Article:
World Polio day: Why India can't afford to relax
New Delhi, Oct 24: India's success in eliminating wild polioviruses (WPVs) has been acclaimed globally. However, the detection of contaminated vials of type-2 polio vaccine among batches administered to children in some parts of the country has sparked concern in medical and government circles.
At least three batches of polio vaccines containing 1.5 lakh vials have been found contaminated with type 2 polio virus, putting at risk India's "polio free" status.
The polio virus causes paralysis medically known as an acute flaccid paralysis (AFP) - which is characterised by sudden muscle weakness, and fever in one or more limbs. AFP can occur due to many reasons, one of which is vaccine-linked.
Union Health Ministry has infact confirmed the contamination of few batches of vaccines of a particular manufacturer in three states: Maharashtra, Telengana and Uttar Pradesh.
However, all polio vaccine stocks of of that manufacturer have now been withdrawn.
The government has now urged all parents to get their children vaccinated against polio.
Virus and vaccine
Polio, a permanently paralysing and sometimes fatal disease, can afflict children if they come into contact with any of the three distinct polio viruses-types 1, 2, and 3. So, from infancy up to six years of age, four doses of vaccination are administered, either orally or through an injection, to immunise them.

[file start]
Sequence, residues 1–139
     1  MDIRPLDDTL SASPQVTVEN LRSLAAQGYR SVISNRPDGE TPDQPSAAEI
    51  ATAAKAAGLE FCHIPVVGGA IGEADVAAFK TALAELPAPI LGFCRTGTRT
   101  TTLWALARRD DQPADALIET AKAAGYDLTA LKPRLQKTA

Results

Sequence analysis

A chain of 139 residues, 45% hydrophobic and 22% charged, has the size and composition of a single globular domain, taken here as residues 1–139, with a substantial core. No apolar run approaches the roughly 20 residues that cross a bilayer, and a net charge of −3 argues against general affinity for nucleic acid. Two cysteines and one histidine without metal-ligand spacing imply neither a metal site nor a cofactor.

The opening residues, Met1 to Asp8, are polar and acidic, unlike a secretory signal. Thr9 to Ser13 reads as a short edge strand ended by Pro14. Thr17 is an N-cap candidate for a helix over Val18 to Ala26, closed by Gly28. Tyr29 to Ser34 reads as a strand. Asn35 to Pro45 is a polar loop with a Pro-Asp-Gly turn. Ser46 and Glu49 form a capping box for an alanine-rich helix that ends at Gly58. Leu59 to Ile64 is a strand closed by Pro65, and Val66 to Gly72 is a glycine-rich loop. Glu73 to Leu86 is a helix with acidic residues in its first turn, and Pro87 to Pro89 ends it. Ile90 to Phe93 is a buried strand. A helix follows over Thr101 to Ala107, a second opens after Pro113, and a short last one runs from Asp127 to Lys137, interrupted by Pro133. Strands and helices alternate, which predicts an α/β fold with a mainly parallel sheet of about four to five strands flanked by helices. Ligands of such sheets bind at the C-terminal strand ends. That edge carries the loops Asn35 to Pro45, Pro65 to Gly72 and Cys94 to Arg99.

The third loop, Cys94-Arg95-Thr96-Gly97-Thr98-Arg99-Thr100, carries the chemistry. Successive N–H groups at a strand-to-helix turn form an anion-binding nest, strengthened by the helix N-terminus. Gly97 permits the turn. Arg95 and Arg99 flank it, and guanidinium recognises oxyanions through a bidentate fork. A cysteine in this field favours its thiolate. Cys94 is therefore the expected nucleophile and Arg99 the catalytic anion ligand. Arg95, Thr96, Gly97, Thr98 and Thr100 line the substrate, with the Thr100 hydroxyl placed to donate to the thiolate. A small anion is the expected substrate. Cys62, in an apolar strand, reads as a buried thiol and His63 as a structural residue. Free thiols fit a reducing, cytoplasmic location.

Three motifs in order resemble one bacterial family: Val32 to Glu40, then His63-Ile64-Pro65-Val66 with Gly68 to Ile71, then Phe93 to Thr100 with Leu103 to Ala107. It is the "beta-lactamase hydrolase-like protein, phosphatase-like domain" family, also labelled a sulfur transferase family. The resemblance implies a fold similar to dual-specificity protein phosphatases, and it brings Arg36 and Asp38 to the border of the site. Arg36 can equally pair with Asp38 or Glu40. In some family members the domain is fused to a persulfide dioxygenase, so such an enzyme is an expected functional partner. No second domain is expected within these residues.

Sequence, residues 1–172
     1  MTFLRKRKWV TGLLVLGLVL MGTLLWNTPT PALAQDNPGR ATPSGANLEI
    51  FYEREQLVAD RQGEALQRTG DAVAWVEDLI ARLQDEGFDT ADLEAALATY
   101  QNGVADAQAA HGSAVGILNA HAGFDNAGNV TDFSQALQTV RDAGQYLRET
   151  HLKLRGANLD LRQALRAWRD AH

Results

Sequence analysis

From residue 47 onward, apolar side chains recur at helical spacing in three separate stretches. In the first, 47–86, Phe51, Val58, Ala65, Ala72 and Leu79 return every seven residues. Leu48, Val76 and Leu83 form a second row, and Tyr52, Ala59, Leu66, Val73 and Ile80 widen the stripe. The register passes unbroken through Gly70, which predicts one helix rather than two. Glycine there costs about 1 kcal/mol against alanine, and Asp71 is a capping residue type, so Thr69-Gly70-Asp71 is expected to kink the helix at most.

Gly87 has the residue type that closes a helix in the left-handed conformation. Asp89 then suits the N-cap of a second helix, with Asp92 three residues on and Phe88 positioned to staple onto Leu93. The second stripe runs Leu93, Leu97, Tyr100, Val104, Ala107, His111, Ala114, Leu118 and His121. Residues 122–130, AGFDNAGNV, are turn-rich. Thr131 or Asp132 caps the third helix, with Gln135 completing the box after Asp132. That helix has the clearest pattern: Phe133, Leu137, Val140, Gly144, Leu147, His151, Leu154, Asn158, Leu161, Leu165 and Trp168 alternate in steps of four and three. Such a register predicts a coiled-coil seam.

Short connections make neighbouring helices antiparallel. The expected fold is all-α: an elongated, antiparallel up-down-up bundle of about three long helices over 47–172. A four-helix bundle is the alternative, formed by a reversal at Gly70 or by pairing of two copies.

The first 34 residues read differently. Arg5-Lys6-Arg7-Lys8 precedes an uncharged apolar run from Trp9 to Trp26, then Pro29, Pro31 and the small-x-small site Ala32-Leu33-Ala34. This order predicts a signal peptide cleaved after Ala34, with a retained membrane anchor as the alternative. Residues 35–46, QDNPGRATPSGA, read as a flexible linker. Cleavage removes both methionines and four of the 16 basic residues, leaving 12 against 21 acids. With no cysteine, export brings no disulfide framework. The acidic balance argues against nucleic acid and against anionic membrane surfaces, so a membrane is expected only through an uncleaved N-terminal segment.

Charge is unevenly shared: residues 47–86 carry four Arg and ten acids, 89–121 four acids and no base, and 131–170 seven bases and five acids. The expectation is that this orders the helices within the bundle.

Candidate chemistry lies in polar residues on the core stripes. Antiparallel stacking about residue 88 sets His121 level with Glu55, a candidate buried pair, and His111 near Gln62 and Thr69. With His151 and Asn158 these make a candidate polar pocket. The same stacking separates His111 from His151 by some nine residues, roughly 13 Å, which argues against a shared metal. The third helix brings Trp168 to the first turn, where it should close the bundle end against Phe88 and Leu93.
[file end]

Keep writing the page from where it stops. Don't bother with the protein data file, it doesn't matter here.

The injective method, known as inactivated poliovirus vaccine (IPV), contains only dead strains of the three types of the virus. The oral method, however, contains live, but less virulent, strains of the virus and can result in vaccine-induced polio. However, it is extremely rare-about one in 750,000 cases.
The vaccine virus is a problem because of all the oral vaccine strains, the strain of type-2 is most likely to cause vaccine-associated paralytic polio, which is why it was removed in the first place.
WHO downplays risk
The World Health Organisation (WHO) has said there was minimal risk of children contracting the polio virus in India from a tainted batch of vaccines. Shamila Sharma, a spokeswoman for the WHO, said any risk to children was "minimal" due to the high routine polio immunization coverage in India. The WHO funds and supports India's polio-control program.
India's health ministry has said it is ramping up IPV vaccination "in the specified areas to reach out to such children who may have missed IPV".
"Type 2 polio vaccine virus traces, which have been found in bOPV vials, is the attenuated (weakened) polio virus and does not cause paralysis. It was also earlier used in tOPV till April 2016," a release by the Ministry of Health and Family Welfare said.
"The recipients of such vaccine will usually shed the vaccine virus through the fecal route for about 4-6 weeks after which it will die down," it added.
The government is looking to enhance immunity against type 2 polio virus further. Special mop up rounds for administering IPV are being conducted in the specified areas to reach out to such children who may have missed IPV.
India, often dubbed the pharmacy of the world, is home to thousands of factories churning out drugs and vaccines for sale globally, but local regulation is lax. In recent years, U.S. and European regulators have slammed many Indian drug factories for faulty manufacturing practices, often issuing warnings or bans.
India was officially declared "polio free" by the government in March 2014. The last case of wild polio virus type 2 in the country was in 1991.However, India continues to maintain a highly sensitive surveillance system for polio.